Bellway is circulating a leaflet in the North West to try to persuade potential buyers that all is well with a leasehold house purchase.
“As part of a leasehold tenure, the homeowner will pay a modest ground rent which they will be made aware of upon enquiry or at the point of reservation …”
That last bit is contentious, as a rather large number of customers, whether Bellway or other housebuilders, claim ground rent is not a term heard often, if at all, from the lips of developers’ sales staff.
Nonsense terms such as “virtual freehold” to explain away the snares of leasehold are quite common, however.
“The benefit of us receiving this annual ground rent allows us to sell leasehold homes at a very competitive price and at a lower cost to the purchaser than a freehold sale.”
This is highly questionable.
There is, on the contrary, evidence showing leasehold properties being sold for the same amount as comparable freehold properties.
Fortunately, owing to housebuilders being caught out over the leasehold houses scandal, informed consumers will hopefully be giving these dubious products a wide berth.
But the most dubious bit is this:
“Do I need to notify the freeholder of any changes?
“You will be required to notify the freeholder if you re-mortgage or if you wish to make alterations to the property.
“Consent for alterations to the building (including extensions, loft conversions and the erection of conservatories) will need to be granted before you may start any works.
“In both instances, there will be a reasonable fee payable and it is important that you seek consent under the lease prior to any alterations as otherwise fees for retrospective consent could be higher.
“These conditions apply to all of our purchasers on both freehold and leasehold sales and ensure that the development you purchase upon retains the original character intended.”
Now there may well be covenants preventing conservatories etc on a freehold house purchase. There may even be a communal service charge to maintain common parts to an estate.
But you certainly do not require any consent from a freeholder, because that is you.
The other big porkie, although it is by no means unique to Bellway, is the continual reference to leaseholders as “homeowners”, as in:
“Ground rent is an annual payment by the homeowner to the person who owns the freehold, payable on 1st of August in
each year …”
Leaseholders are referred to very accurately as “tenants” in all relevant legislation and legal documentation.
If the courts are referring to leaseholders as “tenants”, then the sales blurb from housebuilders should do so as well. The omission of this precision is a major factor in the very convenient confusion over what precisely is involved in a leasehold property purchase.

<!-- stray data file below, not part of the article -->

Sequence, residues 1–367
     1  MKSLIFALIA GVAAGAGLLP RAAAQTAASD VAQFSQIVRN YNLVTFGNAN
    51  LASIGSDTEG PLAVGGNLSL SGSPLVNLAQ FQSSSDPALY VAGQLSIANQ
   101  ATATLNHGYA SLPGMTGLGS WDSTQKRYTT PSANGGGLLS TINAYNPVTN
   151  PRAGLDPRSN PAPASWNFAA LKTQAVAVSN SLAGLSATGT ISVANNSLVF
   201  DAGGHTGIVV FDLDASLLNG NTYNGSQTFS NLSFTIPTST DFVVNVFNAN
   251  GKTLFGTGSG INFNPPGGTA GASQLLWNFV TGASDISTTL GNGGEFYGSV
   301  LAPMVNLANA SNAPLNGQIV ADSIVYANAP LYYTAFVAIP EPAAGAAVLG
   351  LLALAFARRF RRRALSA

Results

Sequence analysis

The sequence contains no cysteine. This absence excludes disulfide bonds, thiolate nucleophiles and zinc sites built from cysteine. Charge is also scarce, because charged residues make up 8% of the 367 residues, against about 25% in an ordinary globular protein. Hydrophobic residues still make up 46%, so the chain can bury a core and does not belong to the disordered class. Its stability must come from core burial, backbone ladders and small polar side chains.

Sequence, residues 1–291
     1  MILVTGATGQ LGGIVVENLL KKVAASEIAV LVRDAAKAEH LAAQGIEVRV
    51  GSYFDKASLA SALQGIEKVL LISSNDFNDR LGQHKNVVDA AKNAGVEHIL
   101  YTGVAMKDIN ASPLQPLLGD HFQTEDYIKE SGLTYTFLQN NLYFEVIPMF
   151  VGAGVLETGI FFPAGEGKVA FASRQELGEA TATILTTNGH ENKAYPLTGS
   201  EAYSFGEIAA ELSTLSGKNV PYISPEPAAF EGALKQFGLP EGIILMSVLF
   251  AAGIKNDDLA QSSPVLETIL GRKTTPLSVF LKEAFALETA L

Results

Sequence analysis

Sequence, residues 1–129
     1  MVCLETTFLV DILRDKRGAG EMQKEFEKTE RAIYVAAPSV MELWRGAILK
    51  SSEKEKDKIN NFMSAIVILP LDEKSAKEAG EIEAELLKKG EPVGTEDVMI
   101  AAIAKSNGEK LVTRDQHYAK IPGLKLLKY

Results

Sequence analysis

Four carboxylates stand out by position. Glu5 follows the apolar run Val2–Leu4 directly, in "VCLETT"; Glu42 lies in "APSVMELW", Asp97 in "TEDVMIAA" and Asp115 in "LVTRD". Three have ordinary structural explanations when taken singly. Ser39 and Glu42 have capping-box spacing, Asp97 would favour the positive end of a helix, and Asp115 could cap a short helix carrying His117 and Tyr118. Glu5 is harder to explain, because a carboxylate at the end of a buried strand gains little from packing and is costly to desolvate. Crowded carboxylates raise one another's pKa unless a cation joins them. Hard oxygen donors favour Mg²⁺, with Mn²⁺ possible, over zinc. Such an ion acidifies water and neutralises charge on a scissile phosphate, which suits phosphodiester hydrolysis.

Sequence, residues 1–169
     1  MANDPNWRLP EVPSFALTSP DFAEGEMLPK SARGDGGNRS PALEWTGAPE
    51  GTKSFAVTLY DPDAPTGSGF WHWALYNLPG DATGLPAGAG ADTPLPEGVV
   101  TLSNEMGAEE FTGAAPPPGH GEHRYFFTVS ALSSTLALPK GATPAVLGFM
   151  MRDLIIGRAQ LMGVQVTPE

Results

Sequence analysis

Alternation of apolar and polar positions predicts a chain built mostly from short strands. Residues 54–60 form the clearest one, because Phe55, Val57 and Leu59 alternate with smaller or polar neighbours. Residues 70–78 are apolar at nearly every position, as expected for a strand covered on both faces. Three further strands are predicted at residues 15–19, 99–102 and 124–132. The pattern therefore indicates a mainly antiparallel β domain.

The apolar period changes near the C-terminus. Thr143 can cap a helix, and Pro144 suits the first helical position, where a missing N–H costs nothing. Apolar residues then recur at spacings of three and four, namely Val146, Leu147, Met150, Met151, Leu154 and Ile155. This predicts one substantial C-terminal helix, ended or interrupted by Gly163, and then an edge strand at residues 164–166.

The full Bellway document is below:
Information on Leasehold Properties all 999 year sites Bellway
Leaving aside the dubious assertion that consents may be needed from the freeholder if the Leaseholder (Please note the word “Leaseholder” and not” Homeowner” Bellway) perhaps you have a scale of charges for seeking such consents that you would be happy to put into the public domain? That way we can compare and contrast the fees charged by a third party you have sold the freehold onto? Please include your charges for late payments etc.
Obviously potential purchasers of Bellway houses might want to know of any financially crippling administration fees they may end up being liable for once you have sold off the freeholds?
“If the courts are referring to leaseholders as “tenants”, then the sales blurb from housebuilders should do so as well. The omission of this precision is a major factor in the very convenient confusion over what precisely is involved in a leasehold property purchase.”
I totally agree, The freeholder and his managing agents , have all the rights over euphemistically called “owner occupiers”. That is not a term that carries much weight in law. The system underplays the reality of our disadvantaged, if not plain downtrodden, position.
As usual no-one appears to be challenging the term ‘Tenant’ – v – Leaseholder
A Tenant is the Equity ; paying a wkly and /or mthly Rent – NOT Ground Rent. All the while any buyer acquiesces to this incorrect advice the Lessee home owner loses their rights. Has everyone forgotten Lord Dennings Cmnd 2916? In Equity the Lessor (Freeholder) owns the land whereas in Equity the Lessee owns the bricks & mortar. If this was not so how would you gain a Mortgage? Would there be any need for a Surveyor? If the Lender can’t secure their Charge against bricks & mortar then they will not lend.
Bellway refer to a 999 year lease. Yet they regularly give only 150 year leases; as in the Ellesmere Port case and certainly on a current Heaton Moor, Stockport development. If 999 year leases reduce the price you would expect some marked reduction for only 150 years – absolutely no evidence of this!